Simone de Beauvoir was born and raised in Paris at the beginning of the 20th century. Her parents were originally wealthy, but struggled somewhat after the first world war. She was raised Catholic by a religious mother and even grew up wanting to be a nun, though she became an atheist in her adolescence and went on to reject religion in her adult life. de Beauvoir was lucky to also be raised by a father who believed in educating her, despite the fact that she was a woman and lived in a time when this was uncommon. She was thus enthusiastic about intellectual pursuits from an early age, and went on to apply this enthusiasm at a private Catholic school, and later at the University of Paris. In university, she focused her studies on philosophy. She went on to complete her studies at the Sorbonne, focusing on philosophy, Greek, logic, and psychology. In particular, she studied the mathematician and philosopher Gottfried Wilhelm Liebniz. While at university, de Beauvoir studied alongside other philosophers who rose to prominence in her time, such as Paul Nizan, Jean Hyppolite, and Jean-Paul Sartre.
Famously, Simone de Beauvoir received second place in a competitive philosophy exam that Sartre won. It is less well known that, unlike Sartre and the other top students who sat for the exam, she was never an official student at the university that administered the test, but rather sat in on classes and studied independently. She and Sartre would go on to maintain a lifelong relationship and exchanged many ideas with one another. Sartre's contributions to existentialism would also go on to shape de Beauvoir's thinking about feminism and philosophy in general. However, she and Sartre are also well known for keeping an open relationship. de Beauvoir rejected marriage on principle, and insisted that, although their partnership was central to both of their lives, she and Sartre maintain other love affairs over time. She was attracted to both men and women, and is notorious for her romantic exploits. Some of these are discussed in her semi-autobiographical fiction, such as the 1954 novel The Mandarins, which won the famous Prix Goncourt.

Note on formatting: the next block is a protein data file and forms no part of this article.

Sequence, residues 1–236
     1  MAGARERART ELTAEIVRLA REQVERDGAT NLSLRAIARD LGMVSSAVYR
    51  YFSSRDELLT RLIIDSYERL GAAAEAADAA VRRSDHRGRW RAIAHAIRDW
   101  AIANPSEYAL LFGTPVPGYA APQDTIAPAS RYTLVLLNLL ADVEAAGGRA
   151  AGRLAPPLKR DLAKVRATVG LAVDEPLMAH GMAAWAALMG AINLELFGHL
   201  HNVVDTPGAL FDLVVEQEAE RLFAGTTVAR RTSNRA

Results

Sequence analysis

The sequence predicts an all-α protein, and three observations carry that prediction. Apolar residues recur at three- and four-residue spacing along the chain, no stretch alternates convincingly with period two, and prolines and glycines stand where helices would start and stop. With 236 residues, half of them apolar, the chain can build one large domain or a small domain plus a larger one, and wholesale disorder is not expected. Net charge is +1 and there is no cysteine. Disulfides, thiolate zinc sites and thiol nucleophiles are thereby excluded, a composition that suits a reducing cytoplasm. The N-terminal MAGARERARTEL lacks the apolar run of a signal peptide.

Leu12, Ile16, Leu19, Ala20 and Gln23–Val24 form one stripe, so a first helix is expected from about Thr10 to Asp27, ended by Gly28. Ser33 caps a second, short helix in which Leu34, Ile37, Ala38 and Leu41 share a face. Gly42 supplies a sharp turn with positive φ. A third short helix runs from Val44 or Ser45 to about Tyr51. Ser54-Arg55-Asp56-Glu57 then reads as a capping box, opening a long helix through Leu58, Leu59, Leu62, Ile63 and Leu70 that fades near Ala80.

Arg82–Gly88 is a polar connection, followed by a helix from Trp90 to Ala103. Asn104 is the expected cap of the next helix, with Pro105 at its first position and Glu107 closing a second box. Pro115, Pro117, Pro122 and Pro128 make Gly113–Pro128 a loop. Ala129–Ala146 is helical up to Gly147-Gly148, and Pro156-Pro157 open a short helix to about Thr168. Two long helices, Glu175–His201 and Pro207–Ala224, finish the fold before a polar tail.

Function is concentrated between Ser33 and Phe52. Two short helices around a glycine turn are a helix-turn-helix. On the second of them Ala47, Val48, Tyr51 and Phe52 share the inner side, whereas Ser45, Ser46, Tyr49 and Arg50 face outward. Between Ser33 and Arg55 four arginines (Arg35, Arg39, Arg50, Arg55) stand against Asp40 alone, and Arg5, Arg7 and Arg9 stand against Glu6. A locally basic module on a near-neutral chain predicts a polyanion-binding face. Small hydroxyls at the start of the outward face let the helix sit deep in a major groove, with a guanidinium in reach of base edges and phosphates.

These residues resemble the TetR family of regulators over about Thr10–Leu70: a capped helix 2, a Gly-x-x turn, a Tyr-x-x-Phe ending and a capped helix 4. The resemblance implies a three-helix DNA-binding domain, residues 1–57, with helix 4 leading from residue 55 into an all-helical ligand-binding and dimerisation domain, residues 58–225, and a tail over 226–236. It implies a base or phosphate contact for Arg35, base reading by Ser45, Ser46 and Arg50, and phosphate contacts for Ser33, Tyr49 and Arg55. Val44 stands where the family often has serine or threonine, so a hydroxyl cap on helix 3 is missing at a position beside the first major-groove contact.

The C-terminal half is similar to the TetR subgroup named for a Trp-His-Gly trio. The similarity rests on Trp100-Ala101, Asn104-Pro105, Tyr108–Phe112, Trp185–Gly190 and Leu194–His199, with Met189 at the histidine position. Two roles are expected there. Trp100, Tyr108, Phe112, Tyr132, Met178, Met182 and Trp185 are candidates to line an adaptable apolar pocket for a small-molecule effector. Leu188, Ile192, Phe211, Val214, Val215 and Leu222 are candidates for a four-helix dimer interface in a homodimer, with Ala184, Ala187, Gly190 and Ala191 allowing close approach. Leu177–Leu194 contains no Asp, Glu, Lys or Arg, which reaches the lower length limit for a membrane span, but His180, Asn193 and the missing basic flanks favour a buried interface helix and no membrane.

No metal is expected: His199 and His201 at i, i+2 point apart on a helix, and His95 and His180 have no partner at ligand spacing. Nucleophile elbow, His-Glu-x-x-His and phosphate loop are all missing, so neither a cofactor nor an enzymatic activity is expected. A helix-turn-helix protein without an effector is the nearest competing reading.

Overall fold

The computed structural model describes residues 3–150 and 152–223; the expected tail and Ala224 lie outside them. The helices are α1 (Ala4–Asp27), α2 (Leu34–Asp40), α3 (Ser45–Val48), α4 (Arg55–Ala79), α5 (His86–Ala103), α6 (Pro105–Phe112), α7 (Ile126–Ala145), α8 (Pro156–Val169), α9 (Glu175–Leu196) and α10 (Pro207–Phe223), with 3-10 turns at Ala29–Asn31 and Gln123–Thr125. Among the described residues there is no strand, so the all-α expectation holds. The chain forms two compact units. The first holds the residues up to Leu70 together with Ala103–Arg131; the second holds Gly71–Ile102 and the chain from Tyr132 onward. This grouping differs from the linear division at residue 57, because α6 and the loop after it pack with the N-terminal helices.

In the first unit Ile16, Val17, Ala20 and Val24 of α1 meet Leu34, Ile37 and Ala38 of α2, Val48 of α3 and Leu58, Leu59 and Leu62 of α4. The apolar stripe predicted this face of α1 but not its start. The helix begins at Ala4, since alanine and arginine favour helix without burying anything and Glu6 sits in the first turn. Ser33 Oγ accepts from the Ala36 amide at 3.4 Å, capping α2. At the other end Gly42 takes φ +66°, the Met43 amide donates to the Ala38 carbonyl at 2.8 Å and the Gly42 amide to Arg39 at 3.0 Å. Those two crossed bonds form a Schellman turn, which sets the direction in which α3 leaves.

Simone de Beauvoir actually rejected being labeled a philosopher and wanted to be known as an author above all. Nevertheless, her feminist text The Second Sex is one of her best-known works. Published in 1949, it lays out her philosophy regarding feminist theory. It is well known for establishing some of the key ideas of second wave feminism. Much of this text is shaped by Sartre's existentialist philosophy, which gave de Beauvoir the idea of an Other vs a self as a framework for understanding gender relations.
de Beauvoir and Sartre were major figures in the French intellectual scene of the mid-20th century. As such, they were important voices during World War II and the Algerian War of Independence, two major conflicts that defined French political and cultural life in the 20th century. During World War II, she and Sartre were not a major part of the French resistance to Nazism, but they did contribute a leftist journal in which they commented on events of the time. de Beauvoir Sartre, and other intellectuals of the time were known for supporting socialism, which became more complicated over time as the horrors of Russian gulags and other abuses of authority came to light. de Beauvoir herself would go on to champion other social justice movements over time, such as the plight of Algerians in France and the feminist cause.